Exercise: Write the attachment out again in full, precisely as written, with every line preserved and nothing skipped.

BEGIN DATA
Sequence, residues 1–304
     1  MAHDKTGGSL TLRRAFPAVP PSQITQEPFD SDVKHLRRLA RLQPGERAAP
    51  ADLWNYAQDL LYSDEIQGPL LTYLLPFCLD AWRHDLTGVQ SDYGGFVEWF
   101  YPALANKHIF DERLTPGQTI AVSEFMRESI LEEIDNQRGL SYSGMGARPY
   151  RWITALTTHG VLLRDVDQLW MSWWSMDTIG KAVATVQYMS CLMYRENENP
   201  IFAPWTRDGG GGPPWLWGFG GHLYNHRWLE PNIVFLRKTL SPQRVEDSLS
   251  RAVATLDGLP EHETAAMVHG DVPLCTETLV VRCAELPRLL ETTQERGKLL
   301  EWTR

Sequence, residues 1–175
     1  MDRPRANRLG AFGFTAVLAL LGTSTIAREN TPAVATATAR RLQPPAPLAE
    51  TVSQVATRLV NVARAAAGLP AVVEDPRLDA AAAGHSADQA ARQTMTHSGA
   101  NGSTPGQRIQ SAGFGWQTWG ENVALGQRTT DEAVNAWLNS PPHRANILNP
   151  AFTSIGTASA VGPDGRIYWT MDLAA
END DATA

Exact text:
Sequence, residues 1–304
     1  MAHDKTGGSL TLRRAFPAVP PSQITQEPFD SDVKHLRRLA RLQPGERAAP
    51  ADLWNYAQDL LYSDEIQGPL LTYLLPFCLD AWRHDLTGVQ SDYGGFVEWF
   101  YPALANKHIF DERLTPGQTI AVSEFMRESI LEEIDNQRGL SYSGMGARPY
   151  RWITALTTHG VLLRDVDQLW MSWWSMDTIG KAVATVQYMS CLMYRENENP
   201  IFAPWTRDGG GGPPWLWGFG GHLYNHRWLE PNIVFLRKTL SPQRVEDSLS
   251  RAVATLDGLP EHETAAMVHG DVPLCTETLV VRCAELPRLL ETTQERGKLL
   301  EWTR

Sequence, residues 1–175
     1  MDRPRANRLG AFGFTAVLAL LGTSTIAREN TPAVATATAR RLQPPAPLAE
    51  TVSQVATRLV NVARAAAGLP AVVEDPRLDA AAAGHSADQA ARQTMTHSGA
   101  NGSTPGQRIQ SAGFGWQTWG ENVALGQRTT DEAVNAWLNS PPHRANILNP
   151  AFTSIGTASA VGPDGRIYWT MDLAA